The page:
THE world will pause to remember the start of the First World War today with ceremonies across the country to honour the huge British loss of life.
Services will be held in London and Glasgow, as well as on mainland Europe at cemeteries and memorials marking the outbreak of the “war to end all wars”.
A special wreath was flown yesterday from Montrose Air Station Heritage Centre – the first UK military airbase – to northern France and war memorial in Amiens.
On 3 August, 1914, pilots of Royal Flying Corps’ II (AC) Squadron flew from Montrose Air Station in their biplanes for the final time.
The wreath was taken in a replica SE5, similar to those flown by the squadron, to RAF Leuchars from which it was then taken to Devon by of II (AC) Squadron’s Tornados. The last leg of the wreath’s journey to Amiens will be in a replica BE2.
Scotland lost an estimated 100,000 men during the war out of the British total of 745,000 of “the Lost Generation”.
At 10am, a national service of commemoration will be held at Glasgow Cathedral, attended by the Prince of Wales, David Cameron and other dignitaries before a procession to the cenotaph in George Square for a wreath-laying service. There will then be a march-past.
A service in Cointe, Liege, Belgium, will be attended by international leaders and the Duke and Duchess of Cambridge this morning, while the Queen will be at a service at Crathie Kirk near Balmoral and Prince Philip at Sandringham, Norfolk.
Amongst other services will be a service near Mons, Belgium, attended by members of the Royal Family, Mr Cameron and others before a national “lights out” between 10pm and 11pm with just a single light or candle to mark the start of the war.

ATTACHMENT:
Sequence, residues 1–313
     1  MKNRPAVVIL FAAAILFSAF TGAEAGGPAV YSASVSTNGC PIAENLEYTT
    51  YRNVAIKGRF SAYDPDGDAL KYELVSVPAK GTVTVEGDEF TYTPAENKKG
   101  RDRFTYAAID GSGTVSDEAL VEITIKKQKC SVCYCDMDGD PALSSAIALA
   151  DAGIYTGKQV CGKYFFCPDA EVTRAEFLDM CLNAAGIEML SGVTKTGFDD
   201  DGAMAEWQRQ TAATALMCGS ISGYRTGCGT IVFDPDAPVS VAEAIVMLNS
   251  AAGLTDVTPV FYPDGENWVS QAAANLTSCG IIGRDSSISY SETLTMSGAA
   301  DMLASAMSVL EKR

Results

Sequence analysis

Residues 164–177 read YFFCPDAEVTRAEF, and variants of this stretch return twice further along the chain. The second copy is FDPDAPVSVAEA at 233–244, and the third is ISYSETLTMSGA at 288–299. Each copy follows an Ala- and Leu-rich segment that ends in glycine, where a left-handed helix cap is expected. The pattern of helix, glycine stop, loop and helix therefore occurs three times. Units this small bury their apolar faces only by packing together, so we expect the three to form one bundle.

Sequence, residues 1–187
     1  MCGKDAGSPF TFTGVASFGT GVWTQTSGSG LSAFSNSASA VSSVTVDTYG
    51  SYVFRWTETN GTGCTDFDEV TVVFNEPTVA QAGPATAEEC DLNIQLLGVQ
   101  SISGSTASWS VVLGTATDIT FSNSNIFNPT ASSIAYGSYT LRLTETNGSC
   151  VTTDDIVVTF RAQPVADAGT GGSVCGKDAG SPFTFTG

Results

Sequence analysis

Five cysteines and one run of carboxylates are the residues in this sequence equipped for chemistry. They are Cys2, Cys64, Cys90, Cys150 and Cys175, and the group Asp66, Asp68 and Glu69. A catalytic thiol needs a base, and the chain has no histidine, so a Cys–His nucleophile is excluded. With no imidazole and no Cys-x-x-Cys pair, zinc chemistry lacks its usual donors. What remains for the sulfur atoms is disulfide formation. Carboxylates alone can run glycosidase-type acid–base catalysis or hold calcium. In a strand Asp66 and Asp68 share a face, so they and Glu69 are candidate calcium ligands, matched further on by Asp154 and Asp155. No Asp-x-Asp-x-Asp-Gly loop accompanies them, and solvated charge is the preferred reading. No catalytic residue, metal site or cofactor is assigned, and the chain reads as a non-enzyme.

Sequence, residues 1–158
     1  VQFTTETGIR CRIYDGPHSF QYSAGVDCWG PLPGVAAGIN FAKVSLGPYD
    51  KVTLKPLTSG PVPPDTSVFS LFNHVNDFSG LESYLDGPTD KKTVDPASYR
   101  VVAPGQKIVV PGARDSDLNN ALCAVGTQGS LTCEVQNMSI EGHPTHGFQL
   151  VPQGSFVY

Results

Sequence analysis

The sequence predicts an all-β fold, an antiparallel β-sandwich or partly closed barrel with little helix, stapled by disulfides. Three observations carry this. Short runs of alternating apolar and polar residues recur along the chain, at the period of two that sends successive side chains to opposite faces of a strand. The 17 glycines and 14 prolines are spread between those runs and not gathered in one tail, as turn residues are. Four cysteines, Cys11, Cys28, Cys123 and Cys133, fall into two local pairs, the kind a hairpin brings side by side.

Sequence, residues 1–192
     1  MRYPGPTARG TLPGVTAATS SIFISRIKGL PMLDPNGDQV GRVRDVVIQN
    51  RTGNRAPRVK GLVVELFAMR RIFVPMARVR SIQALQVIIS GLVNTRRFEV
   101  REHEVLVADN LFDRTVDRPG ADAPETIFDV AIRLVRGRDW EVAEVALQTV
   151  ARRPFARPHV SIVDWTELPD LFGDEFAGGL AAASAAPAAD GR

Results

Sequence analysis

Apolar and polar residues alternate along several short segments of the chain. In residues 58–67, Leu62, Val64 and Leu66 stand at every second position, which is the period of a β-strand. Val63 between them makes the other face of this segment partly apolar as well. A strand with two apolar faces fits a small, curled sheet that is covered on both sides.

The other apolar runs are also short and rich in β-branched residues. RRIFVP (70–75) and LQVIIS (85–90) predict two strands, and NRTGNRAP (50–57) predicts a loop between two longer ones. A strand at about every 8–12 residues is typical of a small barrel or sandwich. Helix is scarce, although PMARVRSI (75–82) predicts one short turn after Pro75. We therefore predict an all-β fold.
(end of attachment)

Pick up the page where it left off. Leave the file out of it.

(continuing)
A solemn commemoration at Westminster Abbey will end in the extinguishing of candles one by one except for the single burning oil lamp on the tomb of the Unknown Warrior.
The great-niece of a First World War soldier will join dignitaries including the Duke and Duchess of Cambridge at ceremony near Mons. Helen Jones will be the first member of her family to visit the grave of her great-uncle Private George Bellamy as she attends a special evening ceremony at St Symphorien military cemetery.
The 57-year-old plans to lay some flowers on the grave of Pte Bellamy, of 2nd Battalion the Royal Irish Regiment, in a “thank you” for the sacrifice made by him, and millions of other soldiers.
Mrs Jones said the first thing she knew about her great-uncle was when her brother Paul, who had started carrying out his own research into Pte Bellamy, contacted her while she was on holiday in Thailand to say he had been invited to the ceremony but could not go, and said she should go.
The NHS administrator, from Westwoodside, north Lincolnshire, said: “My dad never spoke about this, it just was never discussed at all so I had no idea.George was 23 I think when he went to war, but he must have been a professional soldier because he went out with the British Expeditionary Force.”
He died on August 26 1914 –just days into the Battle of Mons – she said.
“I really want to lay some flowers on George’s grave,” she said. “They just gave everything. A whole generation almost of young men just disappeared, we just can’t credit it.”
Yesterday, French president Francois Hollande commemorated the 100th anniversary of World War I and paid homage to those who lost their lives after Germany declared war on France on 3 August 1914. But he recalled that former enemies France and Germany put aside their differences to pave the way for peace – and that others do the same.
German president Joachim Gauck joined the French leader for the ceremony – the first time Germany’s head of state has attended.
Mr Hollande also put in place a foundation stone for a museum at Hartmannswillerkop that will open in 2017.